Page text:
Author(s): Jay M. Pasachoff13, Vojtech Rusin3, Roman Vanur3, Thanasis Economou9, Aristeidis Voulgaris6, John H Seiradakis1, Daniel Seaton8, Ronald Dantowitz5, Christian A. Lockwood13, Timothy Nagle-McNaughton13, Cielo Perez13, Erin N. Meadors13, Connor J. Marti13, Ross Yu13, Brendan Rosseau13, Charles A. Ide13, Declan M. Daly13, Allen Bradford Davis14, Muzhou Lu10, Amy Steele11, Duane Lee7, Marcus J. Freeman4, David Sliski12, Ana Rousseva2
Institution(s): 1. Aristotle U of Thessaloniki, 2. Arlington HS, 3. Astronomical Institute, Slovak Academy of Sciences, 4. Bowst, 5. Dexter Southfield School, 6. ICARUS Optomechanics, 7. MIT, 8. NOAA, 9. U. Chicago, 10. U. Colorado, 11. U. Maryland, 12. U. Penn, 13. Williams College, 14. Yale U.
Contributing team(s): Greek Salem (Oregon) Team: Aristeidis Voulgaris (ICARUS Optomechanics); John Hugh Seiradakis (Aristotle University of Thessaloniki, Greece); and Stavros Koukioglou, Nikos Kyriakou, and Anna Vasileiadou (Aristotle University of Thessaloniki). Greek Carbondale (Illinois) Team: Thanasis Economou (University of Chicago-Fermi Institute); Spyros Kanouras (DIOPSIS Consulting); Christina Irakleous, Adrianos Golemis, and Nikoleta Tsioumpanika (Association of Friends of Astronomy at Thessaloniki); Nikos Plexidas and Nikos Tzimkas (Astronomy Association of Western Macedonia ,Greece); and Ourania Kokkinidou (DIOPSIS Consulting).
We report on high-contrast data reduction of white-light images from the August 21, 2017, total solar eclipse. We show the configuration of the solar corona at this declining phase of the solar-activity cycle, with the projection onto the plane of the sky of the three-dimensional coronal streamers plus extensive polar plumes. We discuss the relation of the white-light coronal loops visible in our observations with extreme-ultraviolet observations from NASA۪s Solar Dynamics Observatory Atmospheric Imaging Assembly (AIA) and NOAA۪s GOES-16 Solar Ultraviolet Imager (SUVI). We show differences and motions over a 65-minute interval between observations from our main site at Willamette University in Salem, Oregon, and a subsidiary site in Carbondale, Illinois. We discuss, in particular, a giant demarcation about 1 solar radius outward in the southwest that crosses the radial streamers.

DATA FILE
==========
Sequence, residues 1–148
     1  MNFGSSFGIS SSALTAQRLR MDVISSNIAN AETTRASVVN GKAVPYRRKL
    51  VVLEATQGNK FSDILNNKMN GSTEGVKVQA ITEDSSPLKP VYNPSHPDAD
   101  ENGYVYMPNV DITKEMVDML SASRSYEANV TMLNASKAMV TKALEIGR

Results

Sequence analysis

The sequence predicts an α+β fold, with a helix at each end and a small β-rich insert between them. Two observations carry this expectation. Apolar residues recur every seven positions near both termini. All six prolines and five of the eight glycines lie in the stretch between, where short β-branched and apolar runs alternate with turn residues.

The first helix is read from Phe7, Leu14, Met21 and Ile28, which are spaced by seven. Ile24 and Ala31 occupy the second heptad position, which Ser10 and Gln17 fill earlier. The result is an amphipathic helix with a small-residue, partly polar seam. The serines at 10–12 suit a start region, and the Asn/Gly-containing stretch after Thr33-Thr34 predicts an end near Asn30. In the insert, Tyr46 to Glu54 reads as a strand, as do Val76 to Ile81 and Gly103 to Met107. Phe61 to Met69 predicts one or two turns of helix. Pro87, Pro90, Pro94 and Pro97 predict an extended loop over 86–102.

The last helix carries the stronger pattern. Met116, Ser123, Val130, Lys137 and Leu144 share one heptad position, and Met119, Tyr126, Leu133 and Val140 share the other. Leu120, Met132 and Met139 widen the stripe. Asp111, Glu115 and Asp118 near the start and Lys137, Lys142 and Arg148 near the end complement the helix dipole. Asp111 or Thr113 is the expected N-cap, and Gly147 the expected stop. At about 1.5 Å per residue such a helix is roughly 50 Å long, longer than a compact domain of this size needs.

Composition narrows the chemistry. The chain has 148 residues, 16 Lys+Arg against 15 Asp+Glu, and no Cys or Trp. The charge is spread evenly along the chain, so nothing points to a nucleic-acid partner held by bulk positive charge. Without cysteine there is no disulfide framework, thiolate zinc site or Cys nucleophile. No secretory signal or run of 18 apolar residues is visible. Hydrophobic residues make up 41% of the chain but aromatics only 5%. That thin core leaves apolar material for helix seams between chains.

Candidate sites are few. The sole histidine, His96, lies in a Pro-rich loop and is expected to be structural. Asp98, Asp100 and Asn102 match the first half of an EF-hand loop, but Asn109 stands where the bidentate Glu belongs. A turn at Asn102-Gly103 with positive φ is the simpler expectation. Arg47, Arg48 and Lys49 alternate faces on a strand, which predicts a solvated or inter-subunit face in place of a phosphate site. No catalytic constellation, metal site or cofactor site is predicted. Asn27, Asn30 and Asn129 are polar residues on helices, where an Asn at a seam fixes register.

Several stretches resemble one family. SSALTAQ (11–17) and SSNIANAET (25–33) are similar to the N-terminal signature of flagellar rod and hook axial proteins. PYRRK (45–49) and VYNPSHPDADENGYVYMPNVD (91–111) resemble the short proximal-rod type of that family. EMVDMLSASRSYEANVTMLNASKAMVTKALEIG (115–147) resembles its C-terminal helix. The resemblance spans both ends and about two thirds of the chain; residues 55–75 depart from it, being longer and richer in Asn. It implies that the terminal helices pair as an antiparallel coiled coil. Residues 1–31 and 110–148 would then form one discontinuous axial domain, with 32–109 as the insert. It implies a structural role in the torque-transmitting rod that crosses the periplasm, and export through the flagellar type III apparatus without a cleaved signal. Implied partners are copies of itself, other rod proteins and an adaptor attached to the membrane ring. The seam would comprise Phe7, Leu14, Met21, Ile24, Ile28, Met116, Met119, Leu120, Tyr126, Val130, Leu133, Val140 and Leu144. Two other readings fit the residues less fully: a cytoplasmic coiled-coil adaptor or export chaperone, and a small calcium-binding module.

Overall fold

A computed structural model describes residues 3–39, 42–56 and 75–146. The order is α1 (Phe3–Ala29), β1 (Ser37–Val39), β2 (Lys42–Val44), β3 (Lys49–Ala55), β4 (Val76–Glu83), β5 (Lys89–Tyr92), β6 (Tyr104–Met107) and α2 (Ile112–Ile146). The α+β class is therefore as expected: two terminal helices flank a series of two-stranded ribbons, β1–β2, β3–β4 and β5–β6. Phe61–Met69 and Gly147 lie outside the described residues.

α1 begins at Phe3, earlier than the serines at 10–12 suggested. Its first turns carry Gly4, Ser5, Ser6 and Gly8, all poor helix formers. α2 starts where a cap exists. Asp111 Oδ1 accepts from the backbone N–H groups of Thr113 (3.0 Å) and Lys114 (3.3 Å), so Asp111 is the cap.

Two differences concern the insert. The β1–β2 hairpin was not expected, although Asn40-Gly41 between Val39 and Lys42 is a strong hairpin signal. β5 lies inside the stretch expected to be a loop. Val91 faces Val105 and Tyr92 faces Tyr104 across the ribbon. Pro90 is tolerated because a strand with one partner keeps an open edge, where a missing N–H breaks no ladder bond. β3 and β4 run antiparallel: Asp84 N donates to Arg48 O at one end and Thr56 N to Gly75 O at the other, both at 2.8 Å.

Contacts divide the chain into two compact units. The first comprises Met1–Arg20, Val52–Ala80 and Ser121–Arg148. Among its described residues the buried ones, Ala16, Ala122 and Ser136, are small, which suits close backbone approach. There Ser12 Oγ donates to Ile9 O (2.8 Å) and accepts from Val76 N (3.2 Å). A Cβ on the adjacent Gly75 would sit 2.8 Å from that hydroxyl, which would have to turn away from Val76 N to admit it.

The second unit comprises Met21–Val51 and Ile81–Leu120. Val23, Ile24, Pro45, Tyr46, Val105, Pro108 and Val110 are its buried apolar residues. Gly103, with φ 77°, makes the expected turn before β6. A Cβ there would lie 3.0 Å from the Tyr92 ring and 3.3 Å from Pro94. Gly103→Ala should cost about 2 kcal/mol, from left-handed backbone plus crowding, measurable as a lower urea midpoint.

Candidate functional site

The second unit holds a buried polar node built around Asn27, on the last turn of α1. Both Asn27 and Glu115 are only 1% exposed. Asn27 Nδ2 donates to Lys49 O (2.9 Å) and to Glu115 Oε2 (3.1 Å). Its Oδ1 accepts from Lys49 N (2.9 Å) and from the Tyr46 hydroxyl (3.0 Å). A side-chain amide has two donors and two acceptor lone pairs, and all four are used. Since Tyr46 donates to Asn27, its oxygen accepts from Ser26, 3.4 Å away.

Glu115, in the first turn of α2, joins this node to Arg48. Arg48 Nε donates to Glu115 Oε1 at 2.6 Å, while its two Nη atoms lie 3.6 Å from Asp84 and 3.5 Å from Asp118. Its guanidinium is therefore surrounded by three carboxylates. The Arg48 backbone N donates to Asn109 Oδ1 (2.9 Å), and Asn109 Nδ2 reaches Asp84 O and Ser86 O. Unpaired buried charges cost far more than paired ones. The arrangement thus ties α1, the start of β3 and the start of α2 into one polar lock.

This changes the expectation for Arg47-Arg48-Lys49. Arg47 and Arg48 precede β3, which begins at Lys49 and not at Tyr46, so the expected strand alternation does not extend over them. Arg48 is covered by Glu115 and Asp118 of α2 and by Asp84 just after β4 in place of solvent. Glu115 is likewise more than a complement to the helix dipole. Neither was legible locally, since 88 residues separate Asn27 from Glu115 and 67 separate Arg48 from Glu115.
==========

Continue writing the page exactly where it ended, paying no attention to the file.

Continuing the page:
Our observations of the eclipse were sponsored in large part by the Committee for Research and Exploration of the National Geographic Society and by the Solar Terrestrial Program of the National Geographic Society. Additional support was received from the NASA Massachusetts Space Grant Consortium, the Sigma Xi honorary scientific society, the University of Pennsylvania (for DS), the Slovak Academy of Sciences VEGA project 2/0003/16, and the Freeman Foote Expeditionary and Brandi funds at Williams College. We thank Stephen Thorsett, Rick Watkins, and Honey Wilson of Willamette University for their hospitality. See http://totalsolareclipse.org or http://sites.williams.edu/eclipse/2017-usa/.